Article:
Browsing through the parameters for eligibility, what is clear is that the OGP is not introducing new parameters to judge the state of governance. Rather the OGP advocates for the same issues that we already advocate for. Issues that if addressed, would only ensure that government fulfills its primary constitutional function of providing welfare and security to Nigerians. This then raises the question of whether OGP seeks to duplicate in-country campaigns or efforts. It doesn’t seem so. Rather the sense is that the OGP seeks to bring government and civil society to a place where they not only consolidate all the issues plaguing Nigeria, but that they also measure where they are on the governance trajectory and then collaboratively draw a measurable course of action towards achieving these goals. This action plan is made public to Nigerians and to the international community to which Nigeria belongs.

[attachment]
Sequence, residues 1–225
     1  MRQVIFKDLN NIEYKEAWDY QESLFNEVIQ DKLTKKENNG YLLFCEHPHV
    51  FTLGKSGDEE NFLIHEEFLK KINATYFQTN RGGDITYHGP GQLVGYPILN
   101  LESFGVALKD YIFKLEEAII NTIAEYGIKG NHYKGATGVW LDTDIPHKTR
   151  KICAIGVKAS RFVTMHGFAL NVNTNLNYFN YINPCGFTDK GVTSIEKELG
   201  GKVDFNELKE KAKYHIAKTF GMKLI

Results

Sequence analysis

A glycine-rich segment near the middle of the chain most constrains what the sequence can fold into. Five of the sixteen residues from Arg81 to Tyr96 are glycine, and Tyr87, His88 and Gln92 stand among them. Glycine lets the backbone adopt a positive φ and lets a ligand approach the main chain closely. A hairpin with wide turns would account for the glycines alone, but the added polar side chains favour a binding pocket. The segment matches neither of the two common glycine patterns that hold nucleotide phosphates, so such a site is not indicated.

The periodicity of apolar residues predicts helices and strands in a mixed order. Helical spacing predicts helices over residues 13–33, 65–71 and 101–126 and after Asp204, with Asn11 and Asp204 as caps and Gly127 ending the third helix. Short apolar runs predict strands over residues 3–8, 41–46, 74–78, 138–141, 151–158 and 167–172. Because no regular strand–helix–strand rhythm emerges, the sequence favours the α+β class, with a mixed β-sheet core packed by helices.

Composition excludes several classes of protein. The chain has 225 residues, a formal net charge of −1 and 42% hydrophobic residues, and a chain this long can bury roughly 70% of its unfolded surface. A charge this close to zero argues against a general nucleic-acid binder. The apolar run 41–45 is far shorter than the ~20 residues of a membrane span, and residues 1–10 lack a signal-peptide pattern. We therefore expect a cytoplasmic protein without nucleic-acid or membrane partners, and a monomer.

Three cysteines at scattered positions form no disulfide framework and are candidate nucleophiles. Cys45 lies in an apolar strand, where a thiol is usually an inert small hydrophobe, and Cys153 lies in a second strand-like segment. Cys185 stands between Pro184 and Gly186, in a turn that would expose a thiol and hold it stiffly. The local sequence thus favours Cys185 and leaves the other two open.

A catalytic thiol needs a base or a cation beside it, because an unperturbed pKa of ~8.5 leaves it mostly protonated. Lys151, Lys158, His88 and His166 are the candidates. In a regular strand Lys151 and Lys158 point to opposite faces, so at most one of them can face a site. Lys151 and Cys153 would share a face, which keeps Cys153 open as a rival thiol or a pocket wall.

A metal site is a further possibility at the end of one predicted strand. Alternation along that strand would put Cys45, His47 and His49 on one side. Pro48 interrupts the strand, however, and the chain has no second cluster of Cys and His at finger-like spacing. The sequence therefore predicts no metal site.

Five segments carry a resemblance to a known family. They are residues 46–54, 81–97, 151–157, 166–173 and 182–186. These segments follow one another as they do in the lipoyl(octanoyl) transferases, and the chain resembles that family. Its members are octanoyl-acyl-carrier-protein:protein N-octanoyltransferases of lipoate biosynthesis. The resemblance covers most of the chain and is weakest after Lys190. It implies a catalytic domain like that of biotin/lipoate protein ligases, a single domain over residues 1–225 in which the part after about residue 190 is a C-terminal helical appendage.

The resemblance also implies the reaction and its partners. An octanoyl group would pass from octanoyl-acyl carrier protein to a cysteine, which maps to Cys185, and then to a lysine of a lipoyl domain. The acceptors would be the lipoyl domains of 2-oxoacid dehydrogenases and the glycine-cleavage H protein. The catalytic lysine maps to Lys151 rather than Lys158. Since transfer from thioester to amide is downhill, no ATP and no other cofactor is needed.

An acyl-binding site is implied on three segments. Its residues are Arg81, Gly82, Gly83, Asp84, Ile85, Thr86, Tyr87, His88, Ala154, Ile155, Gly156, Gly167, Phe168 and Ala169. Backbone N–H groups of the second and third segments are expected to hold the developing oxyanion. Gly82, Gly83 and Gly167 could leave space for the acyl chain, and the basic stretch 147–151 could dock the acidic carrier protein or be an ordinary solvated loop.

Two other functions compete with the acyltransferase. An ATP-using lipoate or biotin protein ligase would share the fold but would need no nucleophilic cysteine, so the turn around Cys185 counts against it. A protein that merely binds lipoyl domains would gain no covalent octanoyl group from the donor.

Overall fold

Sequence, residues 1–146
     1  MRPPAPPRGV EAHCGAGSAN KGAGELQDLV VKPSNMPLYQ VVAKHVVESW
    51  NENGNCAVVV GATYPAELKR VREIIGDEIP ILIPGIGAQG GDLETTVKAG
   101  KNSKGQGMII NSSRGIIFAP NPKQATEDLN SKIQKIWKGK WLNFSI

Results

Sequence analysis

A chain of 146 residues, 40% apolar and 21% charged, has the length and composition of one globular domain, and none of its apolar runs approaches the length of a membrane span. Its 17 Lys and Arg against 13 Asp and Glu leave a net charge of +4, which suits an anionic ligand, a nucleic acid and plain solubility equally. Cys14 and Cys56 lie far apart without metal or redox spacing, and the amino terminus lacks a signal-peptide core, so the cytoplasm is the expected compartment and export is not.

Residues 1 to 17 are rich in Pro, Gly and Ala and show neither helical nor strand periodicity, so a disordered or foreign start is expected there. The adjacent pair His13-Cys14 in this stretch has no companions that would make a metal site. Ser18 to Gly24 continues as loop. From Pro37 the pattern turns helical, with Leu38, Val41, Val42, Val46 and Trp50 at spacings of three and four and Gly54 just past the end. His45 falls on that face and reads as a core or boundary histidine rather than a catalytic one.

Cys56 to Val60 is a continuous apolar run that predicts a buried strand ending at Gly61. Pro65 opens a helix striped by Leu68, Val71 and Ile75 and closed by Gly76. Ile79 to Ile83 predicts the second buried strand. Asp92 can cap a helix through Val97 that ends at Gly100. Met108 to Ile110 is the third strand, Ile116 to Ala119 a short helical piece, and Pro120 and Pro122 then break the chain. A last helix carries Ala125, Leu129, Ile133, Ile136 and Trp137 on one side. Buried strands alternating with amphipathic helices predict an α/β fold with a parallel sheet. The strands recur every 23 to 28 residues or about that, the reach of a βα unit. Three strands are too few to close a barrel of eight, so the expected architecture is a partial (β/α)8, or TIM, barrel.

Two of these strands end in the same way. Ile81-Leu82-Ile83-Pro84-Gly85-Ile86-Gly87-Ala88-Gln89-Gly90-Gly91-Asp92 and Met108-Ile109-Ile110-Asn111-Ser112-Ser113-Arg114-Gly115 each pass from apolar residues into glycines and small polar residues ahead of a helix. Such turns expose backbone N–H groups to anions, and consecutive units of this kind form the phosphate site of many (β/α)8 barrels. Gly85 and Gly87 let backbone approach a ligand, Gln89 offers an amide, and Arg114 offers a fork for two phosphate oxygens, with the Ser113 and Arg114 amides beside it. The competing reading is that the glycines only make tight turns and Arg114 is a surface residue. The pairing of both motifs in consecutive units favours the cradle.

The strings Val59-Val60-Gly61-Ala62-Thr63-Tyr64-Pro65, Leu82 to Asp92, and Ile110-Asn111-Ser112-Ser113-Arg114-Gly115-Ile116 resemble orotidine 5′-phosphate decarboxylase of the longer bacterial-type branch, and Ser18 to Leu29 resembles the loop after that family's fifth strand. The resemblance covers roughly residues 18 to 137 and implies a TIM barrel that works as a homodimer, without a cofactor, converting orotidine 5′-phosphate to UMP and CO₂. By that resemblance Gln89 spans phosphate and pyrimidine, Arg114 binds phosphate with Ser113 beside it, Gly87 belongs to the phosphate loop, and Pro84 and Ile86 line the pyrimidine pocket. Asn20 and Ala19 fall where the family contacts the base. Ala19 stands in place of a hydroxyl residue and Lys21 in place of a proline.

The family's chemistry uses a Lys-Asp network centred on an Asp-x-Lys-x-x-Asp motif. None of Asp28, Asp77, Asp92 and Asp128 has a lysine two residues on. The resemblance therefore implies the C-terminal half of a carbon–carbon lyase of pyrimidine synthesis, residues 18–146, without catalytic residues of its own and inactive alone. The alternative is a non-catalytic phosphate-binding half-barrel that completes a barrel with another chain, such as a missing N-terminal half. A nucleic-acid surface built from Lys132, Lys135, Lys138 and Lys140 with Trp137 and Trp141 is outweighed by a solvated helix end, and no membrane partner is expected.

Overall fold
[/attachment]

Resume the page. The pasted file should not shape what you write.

The OGP can be likened to a course whose certification is only attained after years of study and examination, but with an examination at the end of each year before you move on to the next year’s modules and closer to the certification. Given our history at going through the motions of national reforms, the OGP could be extremely valuable in committing and walking the whole course.